Fig. 10. Simulation of pulse compression via cross-phase modulation. Signal (left panel) and pump (right panel) field envelopes vs. time and propagation distance. The temporal width is 200 fs for both the pump and signal pulses. Here γpsPp≈100 cm-1 for the pump, with a center frequency of 1625 nm. For the signal PsPp and the center frequency of it is 1451 nm. Insets: initial and final pulse envelopes. The waveguide dimensions are w×h=360×220 nm2.

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6. Conclusion

In this article, we have presented a review of our previous and current work on linear and nonlinear optical effects in Si photonic wires. In particular we have demonstrated experimental and theoretical studies of dispersion engineering and of optical nonlinearity with particular emphasis on SPM and XPM from ps and fs pulses in Si wires. As a consequence of dispersion engineering, such photonic wires can be designed to operate over a wide range of GVD values at telecom wavelengths. By operating in a regime where the waveguide, characteristic dispersion, and nonlinear lengths are comparable to each other, we have been able to probe the complex interplay among all these effects at low peak powers of the order of a few hundreds of mW and with waveguide lengths of a few mm. In addition, a further reduction in the Si wire cross-sectional dimension provides further scaling down of the length×power required for nonlinear optical functionalities, which arises from both the reduced area and reduced group velocity of the optical waves. The low threshold powers for phase-changing effects in Si photonic wires make them potential candidates for various functional nonlinear optical devices in an integrated platform.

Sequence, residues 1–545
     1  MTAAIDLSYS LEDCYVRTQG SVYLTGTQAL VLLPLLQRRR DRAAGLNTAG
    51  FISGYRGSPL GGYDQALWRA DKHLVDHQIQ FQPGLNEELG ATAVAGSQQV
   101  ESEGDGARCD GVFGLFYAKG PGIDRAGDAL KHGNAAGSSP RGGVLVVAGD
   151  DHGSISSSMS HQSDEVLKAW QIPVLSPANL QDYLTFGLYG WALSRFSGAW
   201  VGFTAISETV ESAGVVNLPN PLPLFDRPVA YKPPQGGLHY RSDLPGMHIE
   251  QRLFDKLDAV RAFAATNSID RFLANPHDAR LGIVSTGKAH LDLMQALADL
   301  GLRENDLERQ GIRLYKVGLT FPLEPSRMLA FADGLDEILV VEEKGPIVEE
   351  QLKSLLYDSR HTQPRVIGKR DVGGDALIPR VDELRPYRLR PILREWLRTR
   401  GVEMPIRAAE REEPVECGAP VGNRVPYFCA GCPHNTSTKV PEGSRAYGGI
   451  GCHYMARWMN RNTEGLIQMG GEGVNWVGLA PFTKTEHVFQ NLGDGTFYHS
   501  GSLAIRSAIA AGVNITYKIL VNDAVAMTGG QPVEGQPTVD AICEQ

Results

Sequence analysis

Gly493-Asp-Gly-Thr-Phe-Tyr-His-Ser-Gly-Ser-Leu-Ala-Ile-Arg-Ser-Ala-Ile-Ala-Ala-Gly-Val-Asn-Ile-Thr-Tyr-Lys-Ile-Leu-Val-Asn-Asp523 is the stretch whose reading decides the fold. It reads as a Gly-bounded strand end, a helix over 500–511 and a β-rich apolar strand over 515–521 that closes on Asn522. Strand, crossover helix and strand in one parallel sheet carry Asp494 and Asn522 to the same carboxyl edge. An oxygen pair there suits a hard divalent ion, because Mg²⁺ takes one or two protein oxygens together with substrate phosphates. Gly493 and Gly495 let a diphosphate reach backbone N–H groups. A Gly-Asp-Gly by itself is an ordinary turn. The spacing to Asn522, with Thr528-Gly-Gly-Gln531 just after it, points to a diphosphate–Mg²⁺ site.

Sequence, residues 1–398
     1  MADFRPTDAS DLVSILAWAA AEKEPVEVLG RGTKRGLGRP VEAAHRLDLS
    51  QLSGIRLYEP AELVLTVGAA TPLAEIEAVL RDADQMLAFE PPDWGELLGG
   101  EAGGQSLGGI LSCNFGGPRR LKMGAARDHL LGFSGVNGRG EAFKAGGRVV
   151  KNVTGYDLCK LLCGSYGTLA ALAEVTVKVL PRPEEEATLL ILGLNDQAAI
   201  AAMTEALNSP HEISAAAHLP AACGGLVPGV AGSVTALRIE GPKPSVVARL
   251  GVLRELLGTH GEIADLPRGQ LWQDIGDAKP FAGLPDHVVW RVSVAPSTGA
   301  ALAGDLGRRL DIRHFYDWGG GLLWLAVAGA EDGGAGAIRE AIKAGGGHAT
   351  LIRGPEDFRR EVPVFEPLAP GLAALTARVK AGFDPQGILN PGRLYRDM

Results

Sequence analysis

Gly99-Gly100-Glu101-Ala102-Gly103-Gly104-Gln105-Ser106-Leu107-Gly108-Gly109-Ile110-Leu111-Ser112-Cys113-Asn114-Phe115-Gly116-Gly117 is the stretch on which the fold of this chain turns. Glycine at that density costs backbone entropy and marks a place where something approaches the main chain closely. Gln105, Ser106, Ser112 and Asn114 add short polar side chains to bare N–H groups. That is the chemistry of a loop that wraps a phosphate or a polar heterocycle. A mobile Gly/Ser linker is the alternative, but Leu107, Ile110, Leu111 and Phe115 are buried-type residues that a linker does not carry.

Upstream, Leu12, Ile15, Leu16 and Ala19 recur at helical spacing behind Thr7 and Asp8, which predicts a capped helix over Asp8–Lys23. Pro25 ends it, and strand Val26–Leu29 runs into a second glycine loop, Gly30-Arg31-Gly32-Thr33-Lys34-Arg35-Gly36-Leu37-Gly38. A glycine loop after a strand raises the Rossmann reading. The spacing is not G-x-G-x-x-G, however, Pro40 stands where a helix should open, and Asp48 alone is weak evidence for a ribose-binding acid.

Acknowledgments

This research was supported by the DoD STTR, Contract No. FA9550-05-C-1954, and by the AFOSR Grant FA9550-05-1-0428. The IBM part of this work as supported by Grant No. N00014-07-C-0105 ONR/DARPA. We thank Alexander Wirthmüller for useful and illuminating discussions.

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X. Chen, N. C. Panoiu, R. M. Osgood, “Theory of Raman-mediated pulsed amplification in silicon-wire waveguides,” IEEE J. Quantum Electron. 42, 160–170 (2006).
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X. Chen, N. Panoiu, I. Hsieh, J. I. Dadap, R. M. Osgood, Jr., “Third-order dispersion and ultrafast pulse propagation in silicon wire waveguides,” IEEE Photon. Technol. Lett. 18, 2617–2619 (2006).
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Y. -H. Kuo, H. Rong, V. Sih, S. Xu, M. Paniccia, O. Cohen, “Demonstration of wavelength conversion at 40 Gb/s data rate in silicon waveguides,” Opt. Express 14, 11721–11726 (2006).
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2004 (25)

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2003 (8)

R. Claps, D. Dimitropoulos, V. Raghunathan, Y. Han, B. Jalali, “Observation of stimulated Raman amplification in silicon waveguides,” Opt. Express 11, 1731–1739 (2003).
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Figures (10)

Fig. 1.
Fig. 1.

Plots of computed effective index of refraction, and first- through third-order dispersion as a function of wavelength for four different Si-wire dimensions. Blue: 350×220 nm2, green, 360×220 nm2, red 450×220 nm2, light blue 450×330 nm2. Inset: waveguide geometry.

Fig. 2.
Fig. 2.

Contours of the zero-GVD map of a silicon photonic-wire channel waveguide. The zero GVD wavelengths are expressed in units of micrometers.

Fig. 3.
Fig. 3.

Dependence of output power on coupled input power for (a) 1.8 ps (from Ref. 61) and (b) 200 fs pulses (from Ref. 62). Experiment: squares. Simulations: curves.

Fig. 4.
Fig. 4.

Experimental observation of SPM with (a) 1.8 ps pulses (figure from Ref. 61) (b) 200 fs pulses (data from Ref. 62).

Fig 5.
Fig 5.

Measured and experimental transmission through a Si photonic wire waveguide with γP 0=56.3 cm-1. Left panel: measured spectra (brown). Right panel: simulation using hyperbolic secant input pulse (red). Blue curves on both panels correspond to γP 0=1.1 cm-1 (with sech input pulse for simulation). Dashed line: OSA noise floor. The numbers are shown to illustrate the correspondence between experiment and simulation. From Ref. 62.

Fig 6.
Fig 6.

Evolution of spectra at different excitation conditions γP 0=1.1, 11.3, 33.8, 45.0 cm-1 (bottom to top) spectra. Note also the evolution of soliton radiation (dashed line) at 1590 nm.

Fig 7.
Fig 7.